But this time it's a whole lot more than propaganda. A massive coalition of activist groups have come together to form the "After Downing Street Coalition" which seeks coverage of this issue in the media and accountability from Congress and the administration. Their website contains the original source document together with excellent analysis; especially noteworthy is a freshly posted chapter from Ray McGovern's forthcoming book, "Sham Dunk: Cooking Intelligence for the President." (For more on Mr. McGovern, see my note below. *)

Rep. John Conyers and 88 other House members have delivered a letter to Bush demanding answers, and nearly 200,000 Americans have already signed their support for this letter. The signatures list is growing by leaps and bounds; according to John Conyers website, lately at the rate of approximately ten signatures per minute.

Some historians of the Vietnam War era deem that a major "tipping point" for America then was the magazine cover showing the 75 people who had died in Vietnam the previous week -- because it finally brought the face of the war home to the people. 911 was an attack on our own soil and many people are still worried stiff that something may happen to them and their children; that they need THIS president and his administration to protect them. Otherwise why would so many smart women vote for Bush against their own self interest except out of fear for their families?

The truth is most Americans still don't read blogs; in fact, sadly, most people today don't even pay much attention anymore to newspapers. They simply don't want to take the time. So they digest whatever is fed to them on their favorite television channel or talk radio station. It's also likely that the phrase "The Downing Street Memo" doesn't really communicate to listeners very well as to what it is all about -- it just sounds like something that only concerns the British, and it, like other "smoking guns" that we have all seen come and go along the way, hasn't interested the general public very much, allowing the major media outlets to keep the lid on it -- thus far. But no more.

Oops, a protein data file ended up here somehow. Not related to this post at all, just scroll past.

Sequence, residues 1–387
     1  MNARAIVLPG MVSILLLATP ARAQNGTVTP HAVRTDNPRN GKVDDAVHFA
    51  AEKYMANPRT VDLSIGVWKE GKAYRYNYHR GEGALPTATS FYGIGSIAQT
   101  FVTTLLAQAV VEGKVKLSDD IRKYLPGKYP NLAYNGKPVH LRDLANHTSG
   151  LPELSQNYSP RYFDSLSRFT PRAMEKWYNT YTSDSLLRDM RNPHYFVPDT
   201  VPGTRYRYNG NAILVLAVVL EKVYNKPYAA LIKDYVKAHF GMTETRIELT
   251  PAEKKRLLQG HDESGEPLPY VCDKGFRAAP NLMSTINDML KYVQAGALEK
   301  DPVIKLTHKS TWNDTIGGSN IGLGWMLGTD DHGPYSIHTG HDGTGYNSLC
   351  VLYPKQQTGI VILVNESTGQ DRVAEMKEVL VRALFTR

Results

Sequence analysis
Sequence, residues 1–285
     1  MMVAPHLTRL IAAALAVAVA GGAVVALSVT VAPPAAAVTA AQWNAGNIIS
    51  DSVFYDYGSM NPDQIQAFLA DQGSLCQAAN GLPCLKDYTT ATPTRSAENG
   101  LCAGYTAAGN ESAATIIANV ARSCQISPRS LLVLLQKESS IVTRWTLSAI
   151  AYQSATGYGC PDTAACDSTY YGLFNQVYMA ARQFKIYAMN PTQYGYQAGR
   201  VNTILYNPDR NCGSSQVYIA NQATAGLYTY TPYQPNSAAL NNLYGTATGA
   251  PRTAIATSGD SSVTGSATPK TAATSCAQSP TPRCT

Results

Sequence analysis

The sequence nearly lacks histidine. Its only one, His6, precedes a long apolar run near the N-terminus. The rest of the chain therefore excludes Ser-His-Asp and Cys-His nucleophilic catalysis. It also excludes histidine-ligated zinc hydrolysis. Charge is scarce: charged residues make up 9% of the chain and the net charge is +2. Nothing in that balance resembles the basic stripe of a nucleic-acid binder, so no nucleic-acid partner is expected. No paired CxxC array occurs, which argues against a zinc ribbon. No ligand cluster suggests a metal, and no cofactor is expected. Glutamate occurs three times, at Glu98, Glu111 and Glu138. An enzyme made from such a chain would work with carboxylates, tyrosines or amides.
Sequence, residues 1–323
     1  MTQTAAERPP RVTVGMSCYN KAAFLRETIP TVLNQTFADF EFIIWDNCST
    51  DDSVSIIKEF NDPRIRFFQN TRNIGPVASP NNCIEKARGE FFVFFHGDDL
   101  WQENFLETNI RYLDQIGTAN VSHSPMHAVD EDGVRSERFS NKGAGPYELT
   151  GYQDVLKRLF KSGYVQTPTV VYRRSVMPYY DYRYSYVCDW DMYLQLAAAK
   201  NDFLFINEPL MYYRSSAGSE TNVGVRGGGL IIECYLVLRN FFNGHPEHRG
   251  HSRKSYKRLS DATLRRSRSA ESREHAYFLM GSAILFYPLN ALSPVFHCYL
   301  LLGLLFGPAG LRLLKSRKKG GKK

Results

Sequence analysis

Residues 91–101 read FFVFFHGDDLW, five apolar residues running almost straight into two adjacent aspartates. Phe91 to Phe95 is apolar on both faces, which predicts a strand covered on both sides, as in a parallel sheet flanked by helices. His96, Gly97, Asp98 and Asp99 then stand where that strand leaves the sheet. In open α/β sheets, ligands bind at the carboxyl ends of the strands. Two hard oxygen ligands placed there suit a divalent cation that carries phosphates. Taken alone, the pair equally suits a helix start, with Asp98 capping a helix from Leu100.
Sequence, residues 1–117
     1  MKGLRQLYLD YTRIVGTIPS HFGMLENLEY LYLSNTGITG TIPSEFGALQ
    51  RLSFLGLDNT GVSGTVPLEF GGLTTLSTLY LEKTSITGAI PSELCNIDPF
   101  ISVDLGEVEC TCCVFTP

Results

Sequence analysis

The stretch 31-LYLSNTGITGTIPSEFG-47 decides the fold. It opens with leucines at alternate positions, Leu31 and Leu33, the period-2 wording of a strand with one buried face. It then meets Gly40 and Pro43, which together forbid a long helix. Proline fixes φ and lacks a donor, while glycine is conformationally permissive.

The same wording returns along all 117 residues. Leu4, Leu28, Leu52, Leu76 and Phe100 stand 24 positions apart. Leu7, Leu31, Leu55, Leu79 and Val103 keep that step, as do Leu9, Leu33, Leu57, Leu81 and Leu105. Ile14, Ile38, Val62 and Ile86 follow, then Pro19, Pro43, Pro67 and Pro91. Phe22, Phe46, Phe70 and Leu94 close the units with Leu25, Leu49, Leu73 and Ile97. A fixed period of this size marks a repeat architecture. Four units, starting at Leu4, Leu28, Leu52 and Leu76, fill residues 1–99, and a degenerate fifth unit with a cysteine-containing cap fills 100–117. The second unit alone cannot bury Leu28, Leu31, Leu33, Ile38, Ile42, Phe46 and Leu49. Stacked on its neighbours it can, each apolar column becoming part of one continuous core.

When key media sources start to screw up enough courage and independence from their parent company owners to do a full scale review of the time frame of this memo and the other pre-Iraq invasion set-ups (including a reminder to the American people about Richard Clarke's story about Bush coming to him right after 9/11 and asking how they could tie the attack to Iraq) then something substantial might happen.

So, my friends, this could very well be "the moment!" We now all have the opportunity to help keep those Minutes in the forefront. I think June of 2005 could well go down in history as "the tipping point" in this Iraq War and the demise of the administration of GWB.

If you want to sign the "Downing Street Memo" letter calling for straightforward answers from the President, and be kept up to date with a coordinated strategy keep in touch with this website:

As Mr. Pitt says in his last paragraph: "Large majorities of Americans, in every poll, believe the Iraq invasion was unnecessary and the casualties thus far inflicted to be unacceptable. For the first time, the poll numbers show that a clear majority of the American people no longer believe that George W. Bush is keeping them safe. Bi-partisan coalitions are forming in Congress to demand that the US withdraw from Iraq and give that nation back to the people who live there, and those coalitions are edging towards majority-sized numbers. Legislation has been presented demanding withdrawal and more is in the offing."


* Ray McGovern’s 27-year career as a CIA analyst spanned administrations from John F. Kennedy to George H. W. Bush. Ray is now co-director of the Servant Leadership School, which provides training and other support for those seeking ways to be in relationship with the marginalized poor. The School is one of ten Jubilee Ministries, not-for-profit organizations inspired by the ecumenical Church of the Saviour and established in an inner-city neighborhood in Washington, DC.

At his CIA retirement ceremony, Ray received the Intelligence Commendation Medal and a letter from then-president George H. W. Bush wishing him well in his transition to non-profit work in inner-city Washington. Ray served on the board of Bread for the City from 1989-94, the latter two years as president, before becoming co-director of the Servant Leadership School.

Friday afternoon this week an advance chapter entitled "Sham Dunk: Cooking Intelligence for the President" from Ray McGovern's forthcoming two-volume set on the Iraq war, "Neo-CONNED!" and "Neo-CONNED! Again", published by Light in the Darkness Publications, was posted at This comprehensive two-volume work deals with the run-up to and aftermath of the Iraq war containing groundbreaking and uncompromising analysis from 84 different contributors. Read this key chapter (a PDF version is also available) at:

The substance of this book, as it becomes more widely read, will make it increasingly difficult for President Bush to wriggle away from probing reporters' questions regarding the "Downing Street Minutes" issue, as he did Tuesday this week.

--Clair Hochstetler